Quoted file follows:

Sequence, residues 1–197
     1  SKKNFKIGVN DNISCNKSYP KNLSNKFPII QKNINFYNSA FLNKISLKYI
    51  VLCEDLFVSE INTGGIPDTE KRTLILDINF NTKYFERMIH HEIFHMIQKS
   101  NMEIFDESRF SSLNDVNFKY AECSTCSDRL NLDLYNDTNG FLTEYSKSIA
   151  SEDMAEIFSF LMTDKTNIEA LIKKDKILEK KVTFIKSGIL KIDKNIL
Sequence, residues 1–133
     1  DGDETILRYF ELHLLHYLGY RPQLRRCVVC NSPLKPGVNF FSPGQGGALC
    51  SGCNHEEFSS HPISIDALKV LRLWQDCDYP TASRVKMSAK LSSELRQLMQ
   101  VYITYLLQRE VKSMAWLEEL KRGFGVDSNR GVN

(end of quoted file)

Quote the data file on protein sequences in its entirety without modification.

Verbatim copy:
Sequence, residues 1–197
     1  SKKNFKIGVN DNISCNKSYP KNLSNKFPII QKNINFYNSA FLNKISLKYI
    51  VLCEDLFVSE INTGGIPDTE KRTLILDINF NTKYFERMIH HEIFHMIQKS
   101  NMEIFDESRF SSLNDVNFKY AECSTCSDRL NLDLYNDTNG FLTEYSKSIA
   151  SEDMAEIFSF LMTDKTNIEA LIKKDKILEK KVTFIKSGIL KIDKNIL
Sequence, residues 1–133
     1  DGDETILRYF ELHLLHYLGY RPQLRRCVVC NSPLKPGVNF FSPGQGGALC
    51  SGCNHEEFSS HPISIDALKV LRLWQDCDYP TASRVKMSAK LSSELRQLMQ
   101  VYITYLLQRE VKSMAWLEEL KRGFGVDSNR GVN